⦁ Be a relentless learner. Get back to being the natural student that you once were. There was a time in your life, probably preschool to middle school, where you found school and education exciting. Somewhere around sixth grade it became tedious and “work,” probably because you were told to study and remember things you weren’t interested in. Well, you’re a grown up now and can decide what you want to learn about and study. In this information/Internet age there is absolutely no excuse for not satisfying your natural curiosity. You have at your fingertips more information than the public library held when you were a child, all available at the push of a button. Use it wisely. There is more to the Internet than cute pictures of animals and updates on where your friends went for coffee today.
⦁ Find new activities that you’ve “always wanted to do,” and do them. You’ve been making excuses for a long time about these things, so it’s put up or shut up time. Just do it. Don’t worry about what “they” will think, or how you may look foolish while doing it. Approach new activities with the mindset of a beginner and enjoy the process. (See also http://mindbodycoach.org/beginners-mind/ )
⦁ Develop more intelligent use of your physiology. Learn to become more grounded and aware of how you use your body and mind. Have a daily exercise routine and observe your body’s response with curiosity. Don’t focus on the end result, or the long-range goals. Instead, focus on the process. Approach your exercise routine in the same manner that you approached recess when you were a kid. Remember the fun of getting outside, going wild for 20 minutes, and returning to class all sweaty but refreshed and ready to roll? That’s the way to approach your exercise regimen.yogacats09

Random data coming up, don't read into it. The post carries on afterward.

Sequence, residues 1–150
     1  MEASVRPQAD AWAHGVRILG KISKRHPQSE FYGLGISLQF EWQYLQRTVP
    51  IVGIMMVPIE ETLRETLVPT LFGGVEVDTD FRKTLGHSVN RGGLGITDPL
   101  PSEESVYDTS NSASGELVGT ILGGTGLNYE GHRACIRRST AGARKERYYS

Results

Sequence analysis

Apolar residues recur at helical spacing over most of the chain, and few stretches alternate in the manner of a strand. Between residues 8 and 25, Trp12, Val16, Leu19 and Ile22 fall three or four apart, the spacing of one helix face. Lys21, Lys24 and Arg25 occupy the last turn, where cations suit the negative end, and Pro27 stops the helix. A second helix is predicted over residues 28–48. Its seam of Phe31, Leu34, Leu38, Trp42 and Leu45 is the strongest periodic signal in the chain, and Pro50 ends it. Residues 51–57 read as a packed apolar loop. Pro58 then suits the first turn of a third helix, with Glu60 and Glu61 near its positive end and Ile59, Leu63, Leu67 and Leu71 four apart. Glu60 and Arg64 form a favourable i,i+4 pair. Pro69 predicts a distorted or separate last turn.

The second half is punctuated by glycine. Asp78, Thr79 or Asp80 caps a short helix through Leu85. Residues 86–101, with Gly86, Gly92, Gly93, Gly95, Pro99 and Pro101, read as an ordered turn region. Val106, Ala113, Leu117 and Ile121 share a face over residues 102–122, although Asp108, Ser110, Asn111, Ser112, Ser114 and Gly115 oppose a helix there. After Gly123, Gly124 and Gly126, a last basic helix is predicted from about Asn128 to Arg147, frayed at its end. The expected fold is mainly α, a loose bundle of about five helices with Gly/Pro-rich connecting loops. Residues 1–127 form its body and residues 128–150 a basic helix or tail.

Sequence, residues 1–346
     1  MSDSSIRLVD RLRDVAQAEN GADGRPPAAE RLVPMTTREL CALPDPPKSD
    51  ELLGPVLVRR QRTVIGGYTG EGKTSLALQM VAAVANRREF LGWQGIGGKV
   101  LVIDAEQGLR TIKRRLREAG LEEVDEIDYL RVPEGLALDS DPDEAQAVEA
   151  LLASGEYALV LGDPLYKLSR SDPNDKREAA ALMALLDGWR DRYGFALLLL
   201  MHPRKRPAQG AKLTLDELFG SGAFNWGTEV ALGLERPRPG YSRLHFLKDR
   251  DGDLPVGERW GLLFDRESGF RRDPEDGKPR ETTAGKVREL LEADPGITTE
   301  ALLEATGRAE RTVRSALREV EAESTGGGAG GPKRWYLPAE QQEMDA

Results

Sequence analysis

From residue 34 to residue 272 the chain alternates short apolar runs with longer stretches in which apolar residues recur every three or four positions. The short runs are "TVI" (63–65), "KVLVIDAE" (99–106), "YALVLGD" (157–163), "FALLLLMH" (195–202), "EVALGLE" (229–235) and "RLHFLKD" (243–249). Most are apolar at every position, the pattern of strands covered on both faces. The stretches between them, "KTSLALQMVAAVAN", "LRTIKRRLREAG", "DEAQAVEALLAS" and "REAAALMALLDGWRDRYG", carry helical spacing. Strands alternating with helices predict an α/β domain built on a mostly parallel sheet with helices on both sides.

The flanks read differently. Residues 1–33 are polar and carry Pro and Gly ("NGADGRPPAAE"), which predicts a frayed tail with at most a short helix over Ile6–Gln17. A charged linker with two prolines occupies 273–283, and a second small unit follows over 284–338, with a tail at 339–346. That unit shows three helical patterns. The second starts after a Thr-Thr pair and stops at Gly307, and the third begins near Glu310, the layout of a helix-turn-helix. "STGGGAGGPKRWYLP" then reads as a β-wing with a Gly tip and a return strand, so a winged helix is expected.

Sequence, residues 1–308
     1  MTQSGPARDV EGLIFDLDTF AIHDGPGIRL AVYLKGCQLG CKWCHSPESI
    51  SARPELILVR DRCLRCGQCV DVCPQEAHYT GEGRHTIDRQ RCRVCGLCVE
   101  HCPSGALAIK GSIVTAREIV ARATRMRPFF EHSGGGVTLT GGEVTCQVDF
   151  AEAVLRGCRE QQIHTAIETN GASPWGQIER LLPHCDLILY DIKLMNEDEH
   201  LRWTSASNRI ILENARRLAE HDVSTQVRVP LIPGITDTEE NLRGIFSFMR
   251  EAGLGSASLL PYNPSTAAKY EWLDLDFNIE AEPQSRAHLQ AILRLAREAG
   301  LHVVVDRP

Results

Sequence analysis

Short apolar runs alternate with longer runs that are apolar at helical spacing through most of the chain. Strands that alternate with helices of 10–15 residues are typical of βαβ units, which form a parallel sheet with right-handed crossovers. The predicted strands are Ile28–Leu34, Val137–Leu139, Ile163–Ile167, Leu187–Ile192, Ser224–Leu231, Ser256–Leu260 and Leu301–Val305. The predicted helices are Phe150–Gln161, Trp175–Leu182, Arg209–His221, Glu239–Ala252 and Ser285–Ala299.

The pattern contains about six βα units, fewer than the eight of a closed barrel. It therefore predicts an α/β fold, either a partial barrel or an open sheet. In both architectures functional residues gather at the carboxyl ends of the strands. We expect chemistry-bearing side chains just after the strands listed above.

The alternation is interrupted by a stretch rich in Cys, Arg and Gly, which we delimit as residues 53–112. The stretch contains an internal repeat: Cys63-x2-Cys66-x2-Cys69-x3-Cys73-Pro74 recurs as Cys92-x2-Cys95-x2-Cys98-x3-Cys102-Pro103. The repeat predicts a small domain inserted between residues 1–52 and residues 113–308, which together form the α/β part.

⦁ Develop some type of meditative practice. Start small, learning to get curious and mindful about something. And, if you “can’t meditate,” see http://mindbodycoach.org/moving-meditation/ .

At one time in your life, you had a lot of fun because of your natural curiosity. It’s time that you regained the once healthy and happy outlook that you had. It’s never too late to wonder.

“Curiosity is, in great and generous minds, the first passion and the last.”- Samuel Johnson



P. S. Contact me if interested in online mindbody coaching or cognitive behavioral therapy. Please check out my author’s page at amazon.com/author/johnsannicandro or using the Amazon link on this page. Follow me on Facebook, Twitter, and social media. Email me at john@mindbodycoach.org.